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Women’s Participation In Politics Is Low – NCHRF Chair 

By Edith Wirdze

The Chairperson of the National Commission on Human Rights and Freedoms, NCHRF, Dr. Divine Chemuta Banda, has stated that the participation of women in the political, economic and social development in Cameroon is low.

He was speaking in a conference to mark the commemoration of the 35th edition of the International Day of African Women on July 31. The conference took place at the Institute of International Relations, IRIC, Yaounde.

Dr. Chemuta stated that, in Cameroon, out of 48 Ministers, 42 are men while only six are women. Following his statistics, out of 160 MPs, 135 are men and 25 are women; of 327 Mayors, 305 are men and 22 are women, of 8661 Municipal Councillors, 7350 are men and 1302 are women; of 12 ELECAM members, 9 are men and 3 are women, and out of 149 Divisional Officers, 147 are men are two are women.

Dr. Chemuta remarked that women’s representation in the political development of Cameroon is relatively low, considering that women constitute the greater part of the population. It is in this perspective that the NCHRF Chair said women should work hard to gain their rights and be more representative. He called on women to support women who stand for elections as a means to improve on women’s representation. To him, women play a vital role in societal development. Thus, he said, there is the necessity to ensure that the rights of women become a reality in Cameroon.

Dr. Chemuta urged participants to ensure that the Maputo Protocol, which highlights on the elimination of all forms of discrimination against women, is implemented. To achieve this, he said, sensitisation of both women and men on women’s rights is required, he said.
Elaborating on the plight of the woman, the Head of the Promotion and Protection Division of Human Rights in NCHRF, Eva Etongue Mayer, analysed CEDAW articles, which give equal rights to women in the participation in political, economic and social affairs.

A Jurist, Solange-Aimee Ondobo, analysed the 32 articles of the African Charter on Human and People Rights and the Maputo Protocol. Some of the topics she focused on include; the education of the girl child, violence against women, the rights of a woman in relation to marriages and divorces as well as widow’s rights and rights of handicapped people.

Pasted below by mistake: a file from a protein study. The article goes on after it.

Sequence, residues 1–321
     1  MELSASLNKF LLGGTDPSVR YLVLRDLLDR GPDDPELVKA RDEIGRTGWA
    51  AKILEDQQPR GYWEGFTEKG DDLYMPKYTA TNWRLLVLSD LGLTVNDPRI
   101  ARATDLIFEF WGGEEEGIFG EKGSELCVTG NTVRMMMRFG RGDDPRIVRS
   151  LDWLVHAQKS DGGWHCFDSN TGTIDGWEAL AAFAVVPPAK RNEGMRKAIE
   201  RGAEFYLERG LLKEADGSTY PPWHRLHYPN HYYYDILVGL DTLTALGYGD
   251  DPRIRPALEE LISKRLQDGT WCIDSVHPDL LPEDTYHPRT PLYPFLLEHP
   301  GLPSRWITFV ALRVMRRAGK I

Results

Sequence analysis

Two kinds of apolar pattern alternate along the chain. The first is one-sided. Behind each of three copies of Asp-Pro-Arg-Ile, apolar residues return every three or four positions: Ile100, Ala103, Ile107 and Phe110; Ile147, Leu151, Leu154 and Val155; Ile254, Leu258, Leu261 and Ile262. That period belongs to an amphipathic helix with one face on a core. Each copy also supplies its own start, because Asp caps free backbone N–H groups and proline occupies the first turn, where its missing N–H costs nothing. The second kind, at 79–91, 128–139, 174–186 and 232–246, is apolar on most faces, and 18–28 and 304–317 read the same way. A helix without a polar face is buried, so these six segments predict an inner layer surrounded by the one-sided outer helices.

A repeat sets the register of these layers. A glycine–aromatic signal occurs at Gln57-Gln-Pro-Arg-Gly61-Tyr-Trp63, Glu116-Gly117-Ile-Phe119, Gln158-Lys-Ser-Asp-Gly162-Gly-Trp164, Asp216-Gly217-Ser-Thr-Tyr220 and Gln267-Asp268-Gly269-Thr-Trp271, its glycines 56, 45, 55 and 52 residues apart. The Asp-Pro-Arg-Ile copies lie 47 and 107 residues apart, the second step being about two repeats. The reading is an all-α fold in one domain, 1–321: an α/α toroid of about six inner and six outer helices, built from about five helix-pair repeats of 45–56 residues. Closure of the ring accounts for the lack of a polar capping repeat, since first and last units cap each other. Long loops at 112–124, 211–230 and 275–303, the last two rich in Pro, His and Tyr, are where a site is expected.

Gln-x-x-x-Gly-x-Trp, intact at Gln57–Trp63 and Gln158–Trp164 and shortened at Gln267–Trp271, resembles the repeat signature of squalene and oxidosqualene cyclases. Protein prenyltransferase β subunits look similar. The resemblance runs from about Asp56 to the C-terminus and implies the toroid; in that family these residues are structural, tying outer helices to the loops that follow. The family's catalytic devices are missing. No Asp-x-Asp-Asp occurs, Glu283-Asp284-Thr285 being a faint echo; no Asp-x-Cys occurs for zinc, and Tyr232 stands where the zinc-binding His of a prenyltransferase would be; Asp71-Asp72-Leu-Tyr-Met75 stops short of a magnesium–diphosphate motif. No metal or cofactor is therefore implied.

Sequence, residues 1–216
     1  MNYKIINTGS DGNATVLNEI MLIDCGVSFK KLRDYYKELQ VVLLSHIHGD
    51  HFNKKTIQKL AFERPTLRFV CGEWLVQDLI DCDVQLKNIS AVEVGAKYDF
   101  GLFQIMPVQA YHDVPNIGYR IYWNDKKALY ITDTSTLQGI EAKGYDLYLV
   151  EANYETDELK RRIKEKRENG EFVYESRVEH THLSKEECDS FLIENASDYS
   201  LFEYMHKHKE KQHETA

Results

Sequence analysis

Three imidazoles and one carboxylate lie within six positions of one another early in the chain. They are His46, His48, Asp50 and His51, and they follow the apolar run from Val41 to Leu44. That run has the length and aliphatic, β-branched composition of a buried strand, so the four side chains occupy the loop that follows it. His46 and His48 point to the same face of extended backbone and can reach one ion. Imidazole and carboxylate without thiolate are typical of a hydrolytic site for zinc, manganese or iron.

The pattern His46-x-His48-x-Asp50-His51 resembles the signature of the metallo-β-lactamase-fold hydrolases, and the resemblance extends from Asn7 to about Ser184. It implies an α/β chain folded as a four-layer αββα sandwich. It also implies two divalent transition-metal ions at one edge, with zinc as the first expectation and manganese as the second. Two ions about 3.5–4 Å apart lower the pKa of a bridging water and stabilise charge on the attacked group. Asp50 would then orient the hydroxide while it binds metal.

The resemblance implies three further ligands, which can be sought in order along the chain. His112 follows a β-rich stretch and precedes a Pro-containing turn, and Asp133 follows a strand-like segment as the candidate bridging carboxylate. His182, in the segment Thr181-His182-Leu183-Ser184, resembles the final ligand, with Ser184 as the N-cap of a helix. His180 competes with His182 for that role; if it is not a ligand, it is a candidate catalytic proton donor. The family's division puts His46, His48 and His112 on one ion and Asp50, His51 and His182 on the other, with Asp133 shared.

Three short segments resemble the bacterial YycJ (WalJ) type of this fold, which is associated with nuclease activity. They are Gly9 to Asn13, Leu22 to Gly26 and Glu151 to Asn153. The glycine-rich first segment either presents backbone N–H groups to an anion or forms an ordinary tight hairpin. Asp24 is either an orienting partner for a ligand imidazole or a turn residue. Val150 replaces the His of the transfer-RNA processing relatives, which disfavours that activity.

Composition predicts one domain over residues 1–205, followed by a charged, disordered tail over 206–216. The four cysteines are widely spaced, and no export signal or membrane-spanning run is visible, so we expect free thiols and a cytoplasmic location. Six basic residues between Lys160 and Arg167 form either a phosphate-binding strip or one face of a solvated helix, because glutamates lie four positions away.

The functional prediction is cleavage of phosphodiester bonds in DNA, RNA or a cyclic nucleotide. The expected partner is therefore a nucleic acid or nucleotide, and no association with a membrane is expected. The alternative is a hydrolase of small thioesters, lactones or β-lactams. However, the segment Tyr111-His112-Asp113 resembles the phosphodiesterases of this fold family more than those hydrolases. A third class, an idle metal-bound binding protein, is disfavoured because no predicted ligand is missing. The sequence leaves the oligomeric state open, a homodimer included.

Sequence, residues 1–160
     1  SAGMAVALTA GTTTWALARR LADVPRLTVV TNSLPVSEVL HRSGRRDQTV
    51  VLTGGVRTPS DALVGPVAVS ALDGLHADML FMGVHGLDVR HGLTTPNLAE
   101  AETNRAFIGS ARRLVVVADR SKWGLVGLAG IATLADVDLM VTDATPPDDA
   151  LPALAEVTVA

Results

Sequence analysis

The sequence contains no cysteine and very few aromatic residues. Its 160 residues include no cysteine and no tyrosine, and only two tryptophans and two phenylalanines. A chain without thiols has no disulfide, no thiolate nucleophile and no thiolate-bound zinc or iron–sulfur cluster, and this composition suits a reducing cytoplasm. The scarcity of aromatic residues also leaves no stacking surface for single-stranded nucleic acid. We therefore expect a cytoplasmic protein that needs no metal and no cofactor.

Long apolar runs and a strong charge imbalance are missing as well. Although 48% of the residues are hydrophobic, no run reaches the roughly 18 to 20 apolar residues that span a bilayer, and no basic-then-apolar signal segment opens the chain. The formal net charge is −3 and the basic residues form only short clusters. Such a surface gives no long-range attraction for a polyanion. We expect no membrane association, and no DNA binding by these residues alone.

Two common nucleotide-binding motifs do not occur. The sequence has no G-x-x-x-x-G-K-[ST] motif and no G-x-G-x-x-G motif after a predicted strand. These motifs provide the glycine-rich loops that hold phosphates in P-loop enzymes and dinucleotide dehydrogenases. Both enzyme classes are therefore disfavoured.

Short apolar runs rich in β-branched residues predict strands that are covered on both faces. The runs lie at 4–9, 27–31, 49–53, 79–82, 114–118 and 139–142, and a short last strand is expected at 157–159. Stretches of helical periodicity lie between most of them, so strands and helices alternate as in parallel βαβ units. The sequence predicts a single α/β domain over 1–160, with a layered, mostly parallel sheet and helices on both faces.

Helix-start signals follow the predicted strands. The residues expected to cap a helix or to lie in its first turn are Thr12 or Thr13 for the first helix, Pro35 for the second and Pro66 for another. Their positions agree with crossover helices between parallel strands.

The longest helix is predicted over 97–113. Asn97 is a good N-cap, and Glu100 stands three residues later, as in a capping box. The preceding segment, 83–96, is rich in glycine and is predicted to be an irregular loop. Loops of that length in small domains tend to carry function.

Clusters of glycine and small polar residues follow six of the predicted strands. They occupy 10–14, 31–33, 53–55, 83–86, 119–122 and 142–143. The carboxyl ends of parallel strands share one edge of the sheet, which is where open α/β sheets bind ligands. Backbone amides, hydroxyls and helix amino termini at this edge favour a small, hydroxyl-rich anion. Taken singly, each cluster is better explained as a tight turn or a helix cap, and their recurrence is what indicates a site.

A Law expert, Dr. Justine Diffo Tchunkam, who discussed on the implementation of CEDEF and the African Charter on Human and Peoples Rights in Cameroon, regretted that although Cameroon ratified the Maputo Protocol in May 2009, much has to be done in regards to the respect of women’s rights.

Since July 31, 1974, African women have celebrated the International Day of the African Woman as a sign of the determination to fight against all forms of injustice, discrimination and other forms of violence and marginalisation of which they are victims. The objective is to provide effective participation of women in the political, economic and social development in African countries. It was on July 31, 1962, in Dar es Salaam-Tanzania that women of all the regions of Africa gathered to create the first organisation; "The Conference of African Women".

Twelve years later, , they created a more representative organisation; "The Pan African Organisation for Women, PAWO," in Senegal. Following the adoption on June 27, 1981, in Kenya, of the African Charter on Human and Peoples Rights as a regional African instrument in the domain of human rights and considering the strong fight put up by African women for more equality, respect and dignity, the Heads of State of the African Union, AU, adopted the Maputo Protocol in Mozambique on July 11, 2003, to the African Charter on Human and Peoples Rights on the rights of women.

The Protocol is supplementary to the African Charter, the UN Convention on the elimination of all forms of discrimination against women adopted in December 18, 1979, which is in force since September 1981.

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